Ref: 1035
  • Designers

    Probably designed by H.E. Goodridge (1797-1864)

    & William Beckford (1760-1844)

  • Detail

    Ebonised beech; the seat upholstery original, but the back and covering restored

    95.9 x 52.1 x 49.5 cm

    English, circa 1827-44

  • Provenance

    William Beckford, probably Lansdown Tower; [ … ]; with Paul Shutler; H. Blairman & Sons, 2012; private collection

  • Literature

    Edmund English and Willes Maddox (illustrations), Views of Lansdown Tower, Bath, London, 1844, pl. XIV (see right)

  • Notes

    The Beckford provenance is confirmed by the presence of his armorial cinquefoil at the junction of the x-frame front legs.  The relatively diminutive scale of the chair points to Lansdown Tower, which, with its small-scale rooms, is the chair’s likely original home.  This aspect of the provenance is further indicated by the barrel-headed tops of the legs, which relate to features found on other furniture and in architectural details at the Tower; see Amy Frost, ‘Beckford’s Treasure Chest returns to Lansdown Tower’, Furniture History Society Newsletter, February 2012, pp. 1-5.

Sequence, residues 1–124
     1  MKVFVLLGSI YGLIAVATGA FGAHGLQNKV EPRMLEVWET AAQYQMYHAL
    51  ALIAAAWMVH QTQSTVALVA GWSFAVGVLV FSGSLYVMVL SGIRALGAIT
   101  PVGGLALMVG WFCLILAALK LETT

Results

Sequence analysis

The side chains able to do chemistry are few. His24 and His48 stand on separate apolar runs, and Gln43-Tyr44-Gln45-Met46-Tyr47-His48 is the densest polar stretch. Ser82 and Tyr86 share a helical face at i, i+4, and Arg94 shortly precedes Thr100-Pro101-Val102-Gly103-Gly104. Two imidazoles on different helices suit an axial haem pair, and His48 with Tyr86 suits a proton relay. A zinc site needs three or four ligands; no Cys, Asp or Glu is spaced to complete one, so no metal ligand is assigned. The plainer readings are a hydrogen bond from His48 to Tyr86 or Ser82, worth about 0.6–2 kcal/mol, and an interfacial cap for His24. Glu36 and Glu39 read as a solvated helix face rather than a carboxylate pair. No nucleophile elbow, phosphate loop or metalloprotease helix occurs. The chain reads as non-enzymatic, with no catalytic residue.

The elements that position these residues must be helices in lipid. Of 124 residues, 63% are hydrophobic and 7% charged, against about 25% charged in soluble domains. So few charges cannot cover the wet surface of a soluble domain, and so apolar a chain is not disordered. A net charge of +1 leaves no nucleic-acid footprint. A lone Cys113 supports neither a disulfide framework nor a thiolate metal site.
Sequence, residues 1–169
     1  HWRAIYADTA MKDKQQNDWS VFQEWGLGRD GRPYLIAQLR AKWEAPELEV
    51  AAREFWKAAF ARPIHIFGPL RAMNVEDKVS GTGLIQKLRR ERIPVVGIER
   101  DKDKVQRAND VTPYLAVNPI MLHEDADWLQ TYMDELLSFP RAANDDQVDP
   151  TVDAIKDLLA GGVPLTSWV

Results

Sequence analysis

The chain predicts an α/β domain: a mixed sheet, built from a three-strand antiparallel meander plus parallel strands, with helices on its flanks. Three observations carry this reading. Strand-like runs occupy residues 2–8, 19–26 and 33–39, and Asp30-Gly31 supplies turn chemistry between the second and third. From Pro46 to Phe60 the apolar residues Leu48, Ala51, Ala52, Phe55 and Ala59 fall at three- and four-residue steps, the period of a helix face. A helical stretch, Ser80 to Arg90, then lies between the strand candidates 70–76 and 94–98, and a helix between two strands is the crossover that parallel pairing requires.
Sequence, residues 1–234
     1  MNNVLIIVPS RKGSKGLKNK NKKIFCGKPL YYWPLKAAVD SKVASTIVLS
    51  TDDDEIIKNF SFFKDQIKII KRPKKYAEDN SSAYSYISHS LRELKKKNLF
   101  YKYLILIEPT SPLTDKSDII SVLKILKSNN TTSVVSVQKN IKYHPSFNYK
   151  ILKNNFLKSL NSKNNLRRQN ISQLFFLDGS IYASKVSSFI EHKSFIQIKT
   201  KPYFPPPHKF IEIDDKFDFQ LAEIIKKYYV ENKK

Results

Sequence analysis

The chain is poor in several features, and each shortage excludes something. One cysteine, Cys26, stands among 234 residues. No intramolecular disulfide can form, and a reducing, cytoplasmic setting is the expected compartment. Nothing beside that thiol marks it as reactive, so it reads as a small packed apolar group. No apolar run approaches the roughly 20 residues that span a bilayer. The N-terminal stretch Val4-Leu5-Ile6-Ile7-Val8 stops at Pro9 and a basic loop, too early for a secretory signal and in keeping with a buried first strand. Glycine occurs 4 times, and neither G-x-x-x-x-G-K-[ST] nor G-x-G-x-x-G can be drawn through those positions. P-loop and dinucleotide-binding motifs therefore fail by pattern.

Six ‘BLACK ANTIQUE SHAPED ELBOW CHAIRS, with gilt ornaments, the backs and seats covered with crimson morine, with silk fringe’ were included in the Phillips 1823 Fonthill Abbey catalogue, lots 1171-1173, suggesting that variants of our chair were first used by Beckford before the building of the Tower. There is continuity to Beckford’s affection for ‘black’ seat furniture, which he much favoured at the Tower, as a contrast to the oak case furniture.

    The present chair, based on a plate published in Thomas Hope, Household Furniture, London, 1807, pl. 20, nos 3 & 4, was perhaps intended as a homage to Beckford’s fellow connoisseur, whom he had once thought might become his son-in-law.  The design is closer to the Willes Maddox plate (which shows upholstered arms and gilding) than is the larger version, also with a Beckford provenance, included in Derek Ostergard (ed.), William Beckford 1760-1844: An Eye for the Magnificent, New Haven & London, 2002, no. 145.

    The chair cited above, together with its pair, was exhibited at Masterpiece 2019 (James Graham-Stewart).